Pantheon 2020: Test Creativity When Marketing Your Business

Clock IconAugust 13th, 2020
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“If you do what you’ve always done,  you’ll get what you’ve always got.”

—Henry Ford, as shared by Matt Michel

The only thing limiting a company from finding creative ways to grow and keep customers is the limits of the imagination. Matt Michel of The Service Roundtable rattled through more than 10 dozen inventive ideas to help your trade in a virtual session during Pantheon 2020, ServiceTitan’s annual conference for the trades. Here are some key takeaways:

1. Finding new customers sometimes is a matter of creative common sense.

Michel listed several methods to find and expand business, including joining a local civic club (like a Rotary) to gain referrals, making a refrigerator magnet that is a frame for school photos, and advertising in newsletters for churches or homeowners associations. “It’s remarkably affordable,” Michel says of the newsletters. “And it’s very personal.”

2. Free marketing is there for the taking.

Ideas include creating a Facebook page, Twitter account and a Pinterest board to share information and insight about your business. Michel even stressed that a YouTube channel about the service can help, even when it’s off the wall. “One company did a really bad music video,” Michel says. “It went viral in their community.”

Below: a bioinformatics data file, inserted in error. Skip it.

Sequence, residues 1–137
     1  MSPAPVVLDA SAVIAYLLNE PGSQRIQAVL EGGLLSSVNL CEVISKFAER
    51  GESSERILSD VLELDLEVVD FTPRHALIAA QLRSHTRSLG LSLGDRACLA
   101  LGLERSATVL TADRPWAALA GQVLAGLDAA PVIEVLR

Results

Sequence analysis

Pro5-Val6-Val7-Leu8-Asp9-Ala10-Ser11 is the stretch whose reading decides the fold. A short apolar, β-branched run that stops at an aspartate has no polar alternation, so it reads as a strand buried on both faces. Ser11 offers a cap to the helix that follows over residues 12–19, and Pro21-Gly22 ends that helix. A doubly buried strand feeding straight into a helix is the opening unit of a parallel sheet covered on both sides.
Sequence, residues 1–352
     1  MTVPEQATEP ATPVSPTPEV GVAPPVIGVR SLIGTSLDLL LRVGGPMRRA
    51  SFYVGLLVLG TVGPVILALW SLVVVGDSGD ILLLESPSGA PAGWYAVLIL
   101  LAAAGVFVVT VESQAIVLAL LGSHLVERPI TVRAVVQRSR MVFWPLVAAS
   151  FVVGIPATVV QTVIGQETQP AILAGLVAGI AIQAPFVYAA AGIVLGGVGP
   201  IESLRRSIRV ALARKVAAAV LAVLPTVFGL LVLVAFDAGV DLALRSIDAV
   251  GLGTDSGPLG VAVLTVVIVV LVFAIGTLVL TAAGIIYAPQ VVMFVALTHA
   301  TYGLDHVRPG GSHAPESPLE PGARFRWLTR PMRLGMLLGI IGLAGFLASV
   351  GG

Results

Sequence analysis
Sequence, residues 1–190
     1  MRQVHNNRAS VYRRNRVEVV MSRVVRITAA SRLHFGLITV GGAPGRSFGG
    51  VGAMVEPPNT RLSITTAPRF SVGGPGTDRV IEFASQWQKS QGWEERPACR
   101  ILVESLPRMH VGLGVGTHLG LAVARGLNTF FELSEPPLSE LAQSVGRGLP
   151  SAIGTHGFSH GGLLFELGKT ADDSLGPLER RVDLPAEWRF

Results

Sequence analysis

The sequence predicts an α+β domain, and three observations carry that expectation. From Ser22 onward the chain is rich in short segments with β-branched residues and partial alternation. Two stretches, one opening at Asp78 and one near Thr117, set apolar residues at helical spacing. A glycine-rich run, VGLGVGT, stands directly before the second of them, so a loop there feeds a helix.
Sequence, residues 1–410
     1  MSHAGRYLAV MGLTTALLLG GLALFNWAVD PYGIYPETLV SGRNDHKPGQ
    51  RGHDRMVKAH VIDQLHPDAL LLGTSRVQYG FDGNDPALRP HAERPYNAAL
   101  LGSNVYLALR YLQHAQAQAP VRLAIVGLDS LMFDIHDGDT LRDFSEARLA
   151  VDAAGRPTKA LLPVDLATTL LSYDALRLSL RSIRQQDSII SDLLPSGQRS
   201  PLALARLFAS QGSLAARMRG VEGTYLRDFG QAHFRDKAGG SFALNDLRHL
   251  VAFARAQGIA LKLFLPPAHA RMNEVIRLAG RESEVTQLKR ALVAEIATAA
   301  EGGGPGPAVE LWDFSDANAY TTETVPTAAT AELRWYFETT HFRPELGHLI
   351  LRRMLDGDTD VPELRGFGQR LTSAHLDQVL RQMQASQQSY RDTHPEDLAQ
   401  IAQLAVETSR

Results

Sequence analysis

3. The only limits to creativity are within your own mind. 

One non-traditional way to market the company is outfitting performers (think musicians or jugglers) in company apparel at outdoor events. He even suggested logo'd camp chairs for customers who sign a service agreement. “When they go to their kids’ soccer game they are advertising your company,” Michel says.

4. Customers will remember that your company made the extra effort.

Pouring through old service files and calling about replacing old equipment is easy with ServiceTitan, Michel said. Giving techs a toy bag that allows children to pick a toy leaves an impression. Just as important is always making sure techs wear clean uniforms. “I know this is a no-brainer,” Michel says. “But apparently there are a number of people who don’t have brains.”

» More from Pantheon 2020

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